London: An ozone layer high in the Venusian atmosphere has been discovered by a European Space Agency (ESA) probe.
Comparing its properties with those of the equivalent layers on Earth and Mars will help astronomers refine their search for life on other planets.
The space probe, Venus Express, made the discovery while watching stars seen right at the edge of the planet set through its atmosphere.
The ozone -- which has a molecule containing three oxygen atoms -- was detectable because it absorbed some of the ultraviolet rays from the starlight, reports the journal Icarius.
According to computer models, the ozone on Venus is formed when sunlight breaks up carbon dioxide molecules, releasing oxygen atoms, according to an EPA statement.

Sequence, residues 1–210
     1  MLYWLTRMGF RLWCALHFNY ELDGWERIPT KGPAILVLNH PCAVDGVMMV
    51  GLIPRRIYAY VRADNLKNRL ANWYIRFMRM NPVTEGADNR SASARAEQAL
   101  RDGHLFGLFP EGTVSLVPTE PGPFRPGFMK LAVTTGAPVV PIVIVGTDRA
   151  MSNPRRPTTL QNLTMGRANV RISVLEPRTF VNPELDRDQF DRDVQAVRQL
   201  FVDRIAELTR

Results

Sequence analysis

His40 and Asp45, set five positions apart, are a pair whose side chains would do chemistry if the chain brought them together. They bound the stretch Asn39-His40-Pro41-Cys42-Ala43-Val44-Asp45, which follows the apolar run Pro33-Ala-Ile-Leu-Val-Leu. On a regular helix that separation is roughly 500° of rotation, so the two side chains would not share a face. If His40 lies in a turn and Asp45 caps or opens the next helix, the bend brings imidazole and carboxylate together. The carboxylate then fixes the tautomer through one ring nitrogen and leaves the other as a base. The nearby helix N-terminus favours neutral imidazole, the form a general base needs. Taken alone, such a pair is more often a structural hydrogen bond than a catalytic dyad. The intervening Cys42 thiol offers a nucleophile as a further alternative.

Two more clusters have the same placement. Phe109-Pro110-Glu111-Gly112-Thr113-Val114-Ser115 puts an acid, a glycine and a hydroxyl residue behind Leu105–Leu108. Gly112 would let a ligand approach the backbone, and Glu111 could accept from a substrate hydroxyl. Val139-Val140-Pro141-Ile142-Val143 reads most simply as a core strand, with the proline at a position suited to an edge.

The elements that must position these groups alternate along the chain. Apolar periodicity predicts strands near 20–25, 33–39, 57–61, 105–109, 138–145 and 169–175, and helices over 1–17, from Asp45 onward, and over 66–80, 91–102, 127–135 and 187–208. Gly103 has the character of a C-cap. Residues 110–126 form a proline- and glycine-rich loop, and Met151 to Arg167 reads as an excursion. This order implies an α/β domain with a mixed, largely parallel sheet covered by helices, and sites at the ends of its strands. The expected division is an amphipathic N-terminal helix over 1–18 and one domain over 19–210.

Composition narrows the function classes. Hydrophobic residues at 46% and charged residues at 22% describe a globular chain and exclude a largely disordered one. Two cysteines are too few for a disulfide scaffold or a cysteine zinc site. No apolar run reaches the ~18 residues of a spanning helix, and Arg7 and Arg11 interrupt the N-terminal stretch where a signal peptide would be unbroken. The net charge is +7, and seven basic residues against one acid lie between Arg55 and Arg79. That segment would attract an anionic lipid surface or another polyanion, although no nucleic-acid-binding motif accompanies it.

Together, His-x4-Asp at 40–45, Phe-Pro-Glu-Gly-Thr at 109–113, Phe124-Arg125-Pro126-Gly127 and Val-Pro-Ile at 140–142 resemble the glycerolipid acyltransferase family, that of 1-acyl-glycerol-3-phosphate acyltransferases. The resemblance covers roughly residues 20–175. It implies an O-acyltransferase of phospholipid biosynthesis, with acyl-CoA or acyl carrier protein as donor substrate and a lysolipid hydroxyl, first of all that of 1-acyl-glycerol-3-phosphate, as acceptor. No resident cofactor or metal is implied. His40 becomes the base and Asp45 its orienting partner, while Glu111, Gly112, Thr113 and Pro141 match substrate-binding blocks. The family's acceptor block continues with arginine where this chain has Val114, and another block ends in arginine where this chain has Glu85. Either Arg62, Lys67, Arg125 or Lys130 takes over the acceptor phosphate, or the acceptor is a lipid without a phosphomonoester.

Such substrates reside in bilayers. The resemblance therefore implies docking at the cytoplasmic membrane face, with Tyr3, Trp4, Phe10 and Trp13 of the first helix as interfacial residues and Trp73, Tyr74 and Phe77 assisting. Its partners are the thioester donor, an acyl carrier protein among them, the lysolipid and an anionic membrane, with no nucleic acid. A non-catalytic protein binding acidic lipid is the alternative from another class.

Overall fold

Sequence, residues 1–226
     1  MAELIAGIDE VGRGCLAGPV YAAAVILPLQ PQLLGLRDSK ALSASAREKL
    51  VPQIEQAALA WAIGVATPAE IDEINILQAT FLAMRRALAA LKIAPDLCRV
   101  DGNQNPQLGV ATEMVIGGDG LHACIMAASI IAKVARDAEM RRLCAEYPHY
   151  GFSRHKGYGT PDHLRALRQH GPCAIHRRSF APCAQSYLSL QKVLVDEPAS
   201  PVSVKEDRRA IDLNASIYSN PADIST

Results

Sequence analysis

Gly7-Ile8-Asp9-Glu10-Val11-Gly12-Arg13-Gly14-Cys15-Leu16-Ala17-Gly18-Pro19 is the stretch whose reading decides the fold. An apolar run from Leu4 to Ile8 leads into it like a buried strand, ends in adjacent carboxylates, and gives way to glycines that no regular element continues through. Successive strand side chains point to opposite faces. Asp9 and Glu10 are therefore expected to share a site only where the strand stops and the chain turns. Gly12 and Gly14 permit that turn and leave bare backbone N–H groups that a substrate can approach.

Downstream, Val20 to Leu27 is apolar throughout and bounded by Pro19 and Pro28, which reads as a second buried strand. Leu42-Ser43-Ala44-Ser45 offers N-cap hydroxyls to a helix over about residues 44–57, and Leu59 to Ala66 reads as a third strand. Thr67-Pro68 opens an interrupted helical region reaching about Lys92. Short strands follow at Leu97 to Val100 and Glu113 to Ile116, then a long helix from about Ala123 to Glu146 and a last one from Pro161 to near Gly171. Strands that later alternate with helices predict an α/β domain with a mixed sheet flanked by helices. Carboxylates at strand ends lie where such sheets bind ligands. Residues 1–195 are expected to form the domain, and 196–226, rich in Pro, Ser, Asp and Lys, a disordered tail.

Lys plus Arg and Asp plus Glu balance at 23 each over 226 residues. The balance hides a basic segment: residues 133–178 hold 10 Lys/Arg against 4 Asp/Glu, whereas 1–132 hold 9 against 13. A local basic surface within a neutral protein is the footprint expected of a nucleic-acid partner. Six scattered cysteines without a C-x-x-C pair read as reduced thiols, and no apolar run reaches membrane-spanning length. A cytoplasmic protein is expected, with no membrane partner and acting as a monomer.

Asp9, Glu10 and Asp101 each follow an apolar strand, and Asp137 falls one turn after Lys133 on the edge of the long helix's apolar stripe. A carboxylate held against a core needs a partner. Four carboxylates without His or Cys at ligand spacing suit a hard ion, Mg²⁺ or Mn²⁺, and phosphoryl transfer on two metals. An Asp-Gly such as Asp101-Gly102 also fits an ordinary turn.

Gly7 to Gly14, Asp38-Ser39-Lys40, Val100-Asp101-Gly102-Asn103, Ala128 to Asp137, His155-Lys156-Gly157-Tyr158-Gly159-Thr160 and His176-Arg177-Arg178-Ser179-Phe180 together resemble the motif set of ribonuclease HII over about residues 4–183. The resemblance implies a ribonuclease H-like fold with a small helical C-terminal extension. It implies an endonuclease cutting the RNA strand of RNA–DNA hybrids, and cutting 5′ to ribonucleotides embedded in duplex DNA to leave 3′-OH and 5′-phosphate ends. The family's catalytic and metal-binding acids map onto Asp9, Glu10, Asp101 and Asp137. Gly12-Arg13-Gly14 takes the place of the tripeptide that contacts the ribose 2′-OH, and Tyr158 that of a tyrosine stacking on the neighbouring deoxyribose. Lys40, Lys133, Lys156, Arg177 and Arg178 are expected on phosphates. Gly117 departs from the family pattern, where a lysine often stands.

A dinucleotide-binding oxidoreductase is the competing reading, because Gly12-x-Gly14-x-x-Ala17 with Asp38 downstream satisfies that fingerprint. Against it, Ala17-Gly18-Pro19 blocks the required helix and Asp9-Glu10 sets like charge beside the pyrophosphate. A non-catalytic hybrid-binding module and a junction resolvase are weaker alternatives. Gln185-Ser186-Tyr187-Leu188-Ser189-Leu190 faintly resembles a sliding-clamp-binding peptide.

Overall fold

"This detection gives us an important constraint on understanding the chemistry of Venus` atmosphere," says Franck Montmessin, of the ESA, who led the research.
It may also offer a useful comparison for searching for life on other worlds. Ozone has only previously been detected in the atmospheres of Earth and Mars.
"This ozone detection tells us a lot about the circulation and the chemistry of Venus`s atmosphere" says Håkan Svedhem, ESA project scientist for the Venus Express mission.
The results are being presented at the Joint Meeting of the European Planetary Science Congress and the American Astronomical Society`s Division for Planetary Sciences.